Council chair calls on Conservative and Liberal Democrat leaders to address NHS decline

North Yorkshire County Council chair Jim Clark.

The chairman of North Yorkshire County Council has called for the NHS to be placed high on the agenda in the Conservative and Liberal Democrat leadership contests.

North Yorkshire county councillor Jim Clark has pressed Boris Johnson, Jeremy Hunt, Ed Davey and Jo Swinson to reveal their views over the future of the health service, saying they were all ministers in the Coalition government that oversaw a decline in the NHS in the county.

Cllr Clark, who led the authority’s scrutiny of health committee for more than a decade, said while the focus of the party leadership contests had centred around Brexit all four candidates needed to answer why the NHS deficit in the county had risen from £20m in 2012 to more than £40m last year.

He said residents in North Yorkshire deserved answers because as a result of the financial mess, four out of the county’s five clinical commissioning groups had been found to be acting unlawfully and the area had seen greater health rationing than elsewhere.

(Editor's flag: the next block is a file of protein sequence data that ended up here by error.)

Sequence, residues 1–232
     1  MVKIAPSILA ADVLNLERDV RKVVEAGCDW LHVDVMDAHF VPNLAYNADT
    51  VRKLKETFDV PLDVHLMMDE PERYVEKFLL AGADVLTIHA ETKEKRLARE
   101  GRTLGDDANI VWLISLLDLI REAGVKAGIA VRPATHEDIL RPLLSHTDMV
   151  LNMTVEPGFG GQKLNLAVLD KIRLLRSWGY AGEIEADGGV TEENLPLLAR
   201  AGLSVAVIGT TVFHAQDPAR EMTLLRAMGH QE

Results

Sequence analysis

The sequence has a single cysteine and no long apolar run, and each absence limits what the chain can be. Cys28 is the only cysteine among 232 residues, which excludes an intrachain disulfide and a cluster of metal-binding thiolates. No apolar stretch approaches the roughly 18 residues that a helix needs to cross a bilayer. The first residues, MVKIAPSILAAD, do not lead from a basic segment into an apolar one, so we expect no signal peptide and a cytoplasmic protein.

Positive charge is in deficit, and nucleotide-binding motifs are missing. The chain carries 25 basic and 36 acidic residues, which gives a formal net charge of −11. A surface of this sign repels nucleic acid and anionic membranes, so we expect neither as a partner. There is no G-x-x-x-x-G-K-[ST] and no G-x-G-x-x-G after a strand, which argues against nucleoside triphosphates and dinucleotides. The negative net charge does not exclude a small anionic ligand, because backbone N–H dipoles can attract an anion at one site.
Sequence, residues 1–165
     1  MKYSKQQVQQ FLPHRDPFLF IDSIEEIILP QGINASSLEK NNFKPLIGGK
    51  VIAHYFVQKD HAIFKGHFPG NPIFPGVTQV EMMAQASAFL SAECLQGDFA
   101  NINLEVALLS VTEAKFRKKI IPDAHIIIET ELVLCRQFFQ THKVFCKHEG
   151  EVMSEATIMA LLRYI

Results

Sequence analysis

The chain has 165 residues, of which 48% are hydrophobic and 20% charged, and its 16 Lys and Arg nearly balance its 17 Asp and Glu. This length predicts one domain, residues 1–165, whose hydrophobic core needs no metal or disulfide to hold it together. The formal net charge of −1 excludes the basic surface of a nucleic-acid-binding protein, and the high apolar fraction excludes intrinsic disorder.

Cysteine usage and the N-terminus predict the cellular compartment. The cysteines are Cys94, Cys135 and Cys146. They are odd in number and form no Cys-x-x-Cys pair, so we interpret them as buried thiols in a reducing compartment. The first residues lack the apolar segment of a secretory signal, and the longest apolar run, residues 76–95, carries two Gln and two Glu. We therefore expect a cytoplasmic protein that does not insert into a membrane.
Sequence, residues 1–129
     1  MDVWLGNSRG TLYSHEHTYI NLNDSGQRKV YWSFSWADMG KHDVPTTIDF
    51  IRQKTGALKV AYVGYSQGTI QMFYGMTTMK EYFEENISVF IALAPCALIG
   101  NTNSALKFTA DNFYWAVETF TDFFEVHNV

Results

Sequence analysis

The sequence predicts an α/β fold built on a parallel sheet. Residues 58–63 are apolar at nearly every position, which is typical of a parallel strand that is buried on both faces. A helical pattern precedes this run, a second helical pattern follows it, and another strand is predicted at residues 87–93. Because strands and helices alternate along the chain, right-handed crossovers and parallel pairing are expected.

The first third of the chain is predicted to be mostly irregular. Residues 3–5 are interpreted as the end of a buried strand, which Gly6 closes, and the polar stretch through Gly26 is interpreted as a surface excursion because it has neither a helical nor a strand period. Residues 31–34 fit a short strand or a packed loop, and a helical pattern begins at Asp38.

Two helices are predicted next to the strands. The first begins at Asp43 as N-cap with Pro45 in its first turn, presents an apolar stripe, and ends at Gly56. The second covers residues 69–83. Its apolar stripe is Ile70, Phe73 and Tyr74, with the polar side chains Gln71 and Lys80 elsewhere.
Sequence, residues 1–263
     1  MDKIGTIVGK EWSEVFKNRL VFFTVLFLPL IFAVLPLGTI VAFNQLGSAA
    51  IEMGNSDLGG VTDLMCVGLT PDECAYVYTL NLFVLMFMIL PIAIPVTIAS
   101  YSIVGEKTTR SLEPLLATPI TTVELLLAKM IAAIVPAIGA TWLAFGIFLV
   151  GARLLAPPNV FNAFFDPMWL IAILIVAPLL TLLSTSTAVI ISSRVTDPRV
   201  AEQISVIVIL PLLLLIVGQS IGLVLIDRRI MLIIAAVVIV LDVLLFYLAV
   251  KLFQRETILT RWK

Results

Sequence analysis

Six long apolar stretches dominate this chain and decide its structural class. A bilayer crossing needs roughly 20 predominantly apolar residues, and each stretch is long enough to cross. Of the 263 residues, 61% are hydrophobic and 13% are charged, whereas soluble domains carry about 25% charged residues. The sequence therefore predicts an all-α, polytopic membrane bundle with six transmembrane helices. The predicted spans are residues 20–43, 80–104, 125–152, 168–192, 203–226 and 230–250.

The Conservative councillor added: “However, the amount of money being spent on the NHS is not the issue. It is about how money is distributed and spent.

“My concern is to get the debate going, as very little has been mentioned about the NHS by the leadership candidates so far. This is one of the biggest issues in North Yorkshire and we should be looking at what the plans are, both for the Conservatives and the Liberal Democrats.

“Brexit is hopefully going to be over on October 31. We have lost a lot of beds in North Yorkshire, we have closed hospitals, so it is important that we have the experience of these former government ministers on where they think things can be improved. This is an opportunity to talk about health and we have major issues of health in North Yorkshire.”

Cllr Clark said he believed both the Liberal Democrat and Conservative politicians were all “guilty” of having played a role in introducing a system which has seen the county regularly lose out.

He said: “All four candidates were in Government when the major changes to the NHS came in the 2012 act, which has now been acknowledged as not having worked well in North Yorkshire. They are now changing it. Three clinical commissioning groups are merging, from next April, a fourth is merging with Bradford.”

Nevertheless, Cllr Clark said he believed Jeremy Hunt, the longest-serving Health Secretary, had more questions to answer than the others.

He said: “Jeremy Hunt needs to say why he did not support his colleague William Hague during the campaign to keep services at the Friarage Hospital and why there was a six-year fight over keeping children’s heart surgery at both Leeds and Newcastle.”